He is currently in the CBS medical drama Code Black, where he plays Col. Ethan Willis, a doctor in the U.S. military’s prestigious combat casualty care research program. He will be seen this summer in Super Troopers 2, the sequel to the 2001 cult classic where he will play Guy Le Franc, a former hockey player and the current mayor of a Quebec Canadian border town. He most recently was seen in in Fox’s, The Grinder, for which he received a 2016 Best Actor Golden Globe nomination.
This summer A&E will debut The Lowe Files, which, according to Variety, "will feature the veteran actor and his sons -- Matthew, 23, and John Owen, 21 -- on a trek around the country to investigate spooky legends and mysteries. The trio aim to bring some scientific rigor to the process by consulting with experts and academics in fields related to the ghost stories they pursue."
Lowe is also known for his advocacy for research and education for breast cancer, which has affected his mother, grandmother and great-grandmother and other family members and friends. He was the first male spokesperson for the Lee National Denim Day fundraiser. He's also a founder of the Homeowner's Defense Fund, a Santa Barbara County non-profit, non-partisan organization dedicated to local control of land-use planning and transparency in government. (at right: Lowe with his sons)
Lowe’s legacy in Hollywood was cemented in 2015 with the unveiling of his Walk of Fame star.
As he wrote in his second book, "Adventure is important in life. Making memories matters. It doesn’t have to be a secret seaplane and a historic sports moment, but to have a great life you need great memories. Grab any intriguing offer. Say yes to a challenge and to the unknown. Be creative in adding drama and scope to your life. Work at it like a job. Money from effort comes and goes, but effort from imagination and following adventure creates stories that you keep forever. And anyone can do it."
Established in 1986 through the generous support of 1958 DePauw graduates Timothy H. and Sharon Williams Ubben, the Ubben Lecture Series was designed to "bring the world to Greencastle." The series has now presented 107 events over the past thirty years. This semester's previous guests were Tony Award-winning Hamilton star Leslie Odom Jr., who spoke on September 20, and legendary civil rights leader and presidential adviser Vernon E. Jordan Jr., a 1957 graduate of DePauw, who presented the keynote address at the October 29 inauguration of DePauw's twentieth president, D. Mark McCoy, and David Cameron, who came to DePauw December 8 to make his first public speech since leaving the British Prime Minister's post. (at left: David Cameron speaks with students at DePauw's Prindle Institute for Ethics)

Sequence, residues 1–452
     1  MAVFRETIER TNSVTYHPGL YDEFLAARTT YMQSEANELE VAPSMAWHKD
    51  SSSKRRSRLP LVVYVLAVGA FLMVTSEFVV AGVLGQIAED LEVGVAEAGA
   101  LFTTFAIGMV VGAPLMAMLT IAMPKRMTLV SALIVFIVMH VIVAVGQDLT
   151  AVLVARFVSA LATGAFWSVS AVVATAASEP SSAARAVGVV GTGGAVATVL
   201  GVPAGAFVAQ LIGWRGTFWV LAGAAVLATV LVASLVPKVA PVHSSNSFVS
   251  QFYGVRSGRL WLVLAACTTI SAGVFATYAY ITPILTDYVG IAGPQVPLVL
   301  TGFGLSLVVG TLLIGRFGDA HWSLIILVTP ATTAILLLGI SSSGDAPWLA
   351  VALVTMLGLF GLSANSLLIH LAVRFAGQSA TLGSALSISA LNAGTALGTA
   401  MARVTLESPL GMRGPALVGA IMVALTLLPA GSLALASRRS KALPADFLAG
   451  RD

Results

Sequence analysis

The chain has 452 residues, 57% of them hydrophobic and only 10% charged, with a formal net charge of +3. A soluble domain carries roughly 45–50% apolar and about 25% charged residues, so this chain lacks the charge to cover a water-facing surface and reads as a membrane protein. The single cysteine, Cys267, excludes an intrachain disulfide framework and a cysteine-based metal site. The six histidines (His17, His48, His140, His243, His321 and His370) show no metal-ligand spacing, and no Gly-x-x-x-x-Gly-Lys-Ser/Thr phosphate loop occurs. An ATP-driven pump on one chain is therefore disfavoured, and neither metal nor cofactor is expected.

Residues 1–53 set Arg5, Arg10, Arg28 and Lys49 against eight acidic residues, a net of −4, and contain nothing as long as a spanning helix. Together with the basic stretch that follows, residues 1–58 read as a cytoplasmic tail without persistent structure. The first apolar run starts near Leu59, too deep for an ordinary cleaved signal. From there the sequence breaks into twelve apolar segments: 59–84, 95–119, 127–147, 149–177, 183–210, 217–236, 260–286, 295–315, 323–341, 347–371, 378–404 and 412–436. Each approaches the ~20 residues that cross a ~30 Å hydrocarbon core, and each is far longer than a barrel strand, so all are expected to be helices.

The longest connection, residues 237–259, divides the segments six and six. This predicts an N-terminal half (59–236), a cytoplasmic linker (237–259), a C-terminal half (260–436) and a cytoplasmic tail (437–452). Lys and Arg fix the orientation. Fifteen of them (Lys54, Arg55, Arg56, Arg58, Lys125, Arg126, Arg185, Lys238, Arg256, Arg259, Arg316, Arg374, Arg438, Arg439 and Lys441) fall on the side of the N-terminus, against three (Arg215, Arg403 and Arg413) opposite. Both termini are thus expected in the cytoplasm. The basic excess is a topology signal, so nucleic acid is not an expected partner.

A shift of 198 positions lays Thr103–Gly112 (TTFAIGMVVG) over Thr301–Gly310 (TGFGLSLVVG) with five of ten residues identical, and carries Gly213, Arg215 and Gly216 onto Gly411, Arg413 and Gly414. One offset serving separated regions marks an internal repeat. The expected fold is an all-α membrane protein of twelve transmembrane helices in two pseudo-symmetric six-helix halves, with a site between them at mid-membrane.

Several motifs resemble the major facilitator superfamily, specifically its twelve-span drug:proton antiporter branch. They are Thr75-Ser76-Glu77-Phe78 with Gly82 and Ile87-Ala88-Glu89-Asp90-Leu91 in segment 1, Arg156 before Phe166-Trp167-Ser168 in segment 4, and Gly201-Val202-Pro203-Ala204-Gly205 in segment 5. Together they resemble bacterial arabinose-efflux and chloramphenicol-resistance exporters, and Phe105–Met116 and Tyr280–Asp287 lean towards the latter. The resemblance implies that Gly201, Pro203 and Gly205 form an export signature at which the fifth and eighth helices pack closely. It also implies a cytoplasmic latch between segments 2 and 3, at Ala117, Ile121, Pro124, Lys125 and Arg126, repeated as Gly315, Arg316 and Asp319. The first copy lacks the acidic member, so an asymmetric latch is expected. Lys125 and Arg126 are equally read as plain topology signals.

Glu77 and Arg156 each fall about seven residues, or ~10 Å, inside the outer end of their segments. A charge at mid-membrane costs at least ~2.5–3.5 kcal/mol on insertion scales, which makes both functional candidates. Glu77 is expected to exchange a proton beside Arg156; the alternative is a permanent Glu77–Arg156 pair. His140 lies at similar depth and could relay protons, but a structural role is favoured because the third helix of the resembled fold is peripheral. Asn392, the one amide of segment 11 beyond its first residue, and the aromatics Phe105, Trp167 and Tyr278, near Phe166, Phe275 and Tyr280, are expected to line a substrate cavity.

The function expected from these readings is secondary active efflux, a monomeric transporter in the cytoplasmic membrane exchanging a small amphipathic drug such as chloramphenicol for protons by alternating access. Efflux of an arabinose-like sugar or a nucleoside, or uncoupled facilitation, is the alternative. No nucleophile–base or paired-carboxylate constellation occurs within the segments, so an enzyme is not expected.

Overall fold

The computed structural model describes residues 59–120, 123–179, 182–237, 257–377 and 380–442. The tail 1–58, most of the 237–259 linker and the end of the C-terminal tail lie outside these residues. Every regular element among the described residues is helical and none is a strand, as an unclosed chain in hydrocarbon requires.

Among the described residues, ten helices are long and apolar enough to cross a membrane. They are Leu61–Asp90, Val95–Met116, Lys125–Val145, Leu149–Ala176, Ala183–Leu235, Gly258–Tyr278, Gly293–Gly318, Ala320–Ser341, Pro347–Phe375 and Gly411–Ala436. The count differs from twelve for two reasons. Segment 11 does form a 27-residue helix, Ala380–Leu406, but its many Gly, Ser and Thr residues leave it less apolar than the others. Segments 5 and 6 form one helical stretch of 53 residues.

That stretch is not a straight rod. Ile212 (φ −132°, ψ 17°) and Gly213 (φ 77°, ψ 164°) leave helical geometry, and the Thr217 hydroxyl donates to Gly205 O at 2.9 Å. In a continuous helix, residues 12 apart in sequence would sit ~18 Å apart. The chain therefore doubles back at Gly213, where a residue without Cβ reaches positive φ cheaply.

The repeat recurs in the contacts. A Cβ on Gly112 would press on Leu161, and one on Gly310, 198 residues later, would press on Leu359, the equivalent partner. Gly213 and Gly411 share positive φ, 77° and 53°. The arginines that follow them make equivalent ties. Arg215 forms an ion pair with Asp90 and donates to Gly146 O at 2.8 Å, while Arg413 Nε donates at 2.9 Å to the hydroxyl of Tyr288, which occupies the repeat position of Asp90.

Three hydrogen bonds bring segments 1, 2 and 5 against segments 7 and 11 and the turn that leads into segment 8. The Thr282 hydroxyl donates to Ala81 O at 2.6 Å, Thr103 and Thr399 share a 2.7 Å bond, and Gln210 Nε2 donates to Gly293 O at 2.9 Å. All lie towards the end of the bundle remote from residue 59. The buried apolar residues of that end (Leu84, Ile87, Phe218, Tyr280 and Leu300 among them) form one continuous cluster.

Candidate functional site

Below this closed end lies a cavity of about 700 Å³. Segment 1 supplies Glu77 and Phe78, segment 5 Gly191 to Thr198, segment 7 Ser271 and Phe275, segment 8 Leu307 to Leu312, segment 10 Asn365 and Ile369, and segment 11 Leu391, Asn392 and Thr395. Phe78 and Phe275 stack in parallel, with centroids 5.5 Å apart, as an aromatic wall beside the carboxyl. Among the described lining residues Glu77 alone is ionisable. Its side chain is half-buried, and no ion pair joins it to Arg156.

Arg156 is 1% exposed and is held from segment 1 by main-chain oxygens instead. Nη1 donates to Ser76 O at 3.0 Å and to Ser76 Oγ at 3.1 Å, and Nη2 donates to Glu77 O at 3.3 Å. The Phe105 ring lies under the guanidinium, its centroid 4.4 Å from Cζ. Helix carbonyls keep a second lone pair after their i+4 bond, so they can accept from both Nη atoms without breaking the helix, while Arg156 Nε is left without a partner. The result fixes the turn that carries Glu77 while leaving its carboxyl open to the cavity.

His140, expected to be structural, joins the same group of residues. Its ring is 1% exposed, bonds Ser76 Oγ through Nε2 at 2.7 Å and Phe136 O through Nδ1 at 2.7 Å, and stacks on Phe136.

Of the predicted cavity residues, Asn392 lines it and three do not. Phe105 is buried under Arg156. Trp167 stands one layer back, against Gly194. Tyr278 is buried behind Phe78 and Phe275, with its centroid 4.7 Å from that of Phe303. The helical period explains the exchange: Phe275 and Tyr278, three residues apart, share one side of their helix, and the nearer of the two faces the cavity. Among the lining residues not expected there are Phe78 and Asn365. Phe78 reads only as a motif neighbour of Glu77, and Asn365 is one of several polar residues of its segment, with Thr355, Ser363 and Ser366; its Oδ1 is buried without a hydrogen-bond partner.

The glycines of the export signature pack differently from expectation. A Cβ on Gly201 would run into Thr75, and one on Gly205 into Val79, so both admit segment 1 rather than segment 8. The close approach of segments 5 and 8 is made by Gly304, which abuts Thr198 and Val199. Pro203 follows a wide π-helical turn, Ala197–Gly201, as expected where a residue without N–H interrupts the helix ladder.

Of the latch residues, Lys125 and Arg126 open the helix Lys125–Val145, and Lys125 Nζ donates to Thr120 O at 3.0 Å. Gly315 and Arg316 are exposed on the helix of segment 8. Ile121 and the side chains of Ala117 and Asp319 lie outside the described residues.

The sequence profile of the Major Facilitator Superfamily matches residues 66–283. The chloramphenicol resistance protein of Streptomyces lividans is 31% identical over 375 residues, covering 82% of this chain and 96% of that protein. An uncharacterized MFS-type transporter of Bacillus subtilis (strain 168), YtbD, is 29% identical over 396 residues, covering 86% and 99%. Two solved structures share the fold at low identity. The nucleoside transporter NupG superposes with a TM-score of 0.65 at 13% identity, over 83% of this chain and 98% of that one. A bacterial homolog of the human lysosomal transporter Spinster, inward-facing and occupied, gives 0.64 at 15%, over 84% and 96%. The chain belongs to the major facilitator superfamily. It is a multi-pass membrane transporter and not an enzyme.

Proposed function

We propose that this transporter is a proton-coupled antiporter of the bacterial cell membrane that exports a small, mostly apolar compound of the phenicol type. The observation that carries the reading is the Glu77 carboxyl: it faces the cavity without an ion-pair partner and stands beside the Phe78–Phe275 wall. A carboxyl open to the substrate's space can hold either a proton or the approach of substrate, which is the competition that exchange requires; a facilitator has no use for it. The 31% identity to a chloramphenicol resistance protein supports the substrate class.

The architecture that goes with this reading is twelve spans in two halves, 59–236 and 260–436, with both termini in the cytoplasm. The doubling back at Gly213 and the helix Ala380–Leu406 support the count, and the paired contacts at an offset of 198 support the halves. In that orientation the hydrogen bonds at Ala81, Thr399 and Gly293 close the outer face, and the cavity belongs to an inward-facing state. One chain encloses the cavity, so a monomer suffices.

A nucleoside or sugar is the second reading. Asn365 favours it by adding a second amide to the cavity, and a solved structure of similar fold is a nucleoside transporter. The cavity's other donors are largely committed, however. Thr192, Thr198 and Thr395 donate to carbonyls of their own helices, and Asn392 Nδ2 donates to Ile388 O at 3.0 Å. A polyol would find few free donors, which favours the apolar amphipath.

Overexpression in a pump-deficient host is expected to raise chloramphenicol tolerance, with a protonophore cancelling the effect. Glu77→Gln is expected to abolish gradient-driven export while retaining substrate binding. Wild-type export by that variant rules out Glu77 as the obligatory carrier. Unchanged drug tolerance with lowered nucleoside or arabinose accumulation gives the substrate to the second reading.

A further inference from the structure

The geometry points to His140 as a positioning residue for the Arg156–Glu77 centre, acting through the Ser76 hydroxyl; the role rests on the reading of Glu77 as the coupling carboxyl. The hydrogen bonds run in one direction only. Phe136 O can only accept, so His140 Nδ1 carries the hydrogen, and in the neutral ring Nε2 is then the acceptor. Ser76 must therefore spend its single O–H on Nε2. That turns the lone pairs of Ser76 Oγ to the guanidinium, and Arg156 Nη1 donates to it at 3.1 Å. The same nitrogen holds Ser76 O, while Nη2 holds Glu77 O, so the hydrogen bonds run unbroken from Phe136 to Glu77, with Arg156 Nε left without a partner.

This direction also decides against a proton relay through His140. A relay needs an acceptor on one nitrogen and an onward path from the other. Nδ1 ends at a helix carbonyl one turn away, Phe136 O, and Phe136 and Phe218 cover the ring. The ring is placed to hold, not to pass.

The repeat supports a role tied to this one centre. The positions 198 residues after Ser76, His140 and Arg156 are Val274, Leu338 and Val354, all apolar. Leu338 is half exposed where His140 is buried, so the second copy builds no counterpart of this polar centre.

Other previous Ubben Lecturers have included Benazir Bhutto, Margaret Thatcher, Mikhail Gorbachev, Elie Wiesel, Jane Goodall, Tony Blair, Bill Clinton, Jimmy Kimmel, Shimon Peres, David Brooks, Spike Lee, Doris Kearns Goodwin, Mike Krzyzewski, Julian Bond, General Colin Powell, Andrew Luck, Michio Kaku, Piper Kerman, Oscar Arias, Barbara Bush, Ambassador L. Paul Bremer, General Wesley Clark, Jimmy Wales, Todd Rundgren, Bob Woodward, Greg Mortenson, Ken Burns, Ron Paul,Naomi Wolf, Ross Perot, Karl Rove, Howard Dean, Eric Schlosser, Harry Belafonte, Leymah Gbowee, Sam Donaldson, David McCullough, John Major, Lee Hamilton '52, Ralph Nader, Carl Bernstein, Martin Luther King III, Willy Brandt, Dan Quayle '69, F.W. de Klerk, Jane Pauley, Arne Duncan, Bret Baier '92, Mitch Albom, Brian Mulroney, Yeonmi Park, Candy Crowley, Peyton Manning, Liz Murray, Jason Reitman, William J. Bennett, Richard Lamm, Jim Lovell, Gwen Ifill, ice cream entrepreneurs Ben Cohen & Jerry Greenfield, Sister Helen Prejean, Bill Bradley, Douglas Hallward-Driemeier '89, David Ho, Allen Neuharth, Andrew Young, Paul Volcker, Jim Alling '83, Paul Tsongas, Nicholas Carr, Rebecca Skloot, Mary Frances Berry, Zbigniew Brzezinski, George Will, Carl Rowan and many others. (at right: Karl Rove and Howard Dean shake hands during their Ubben Debate at DePauw)Back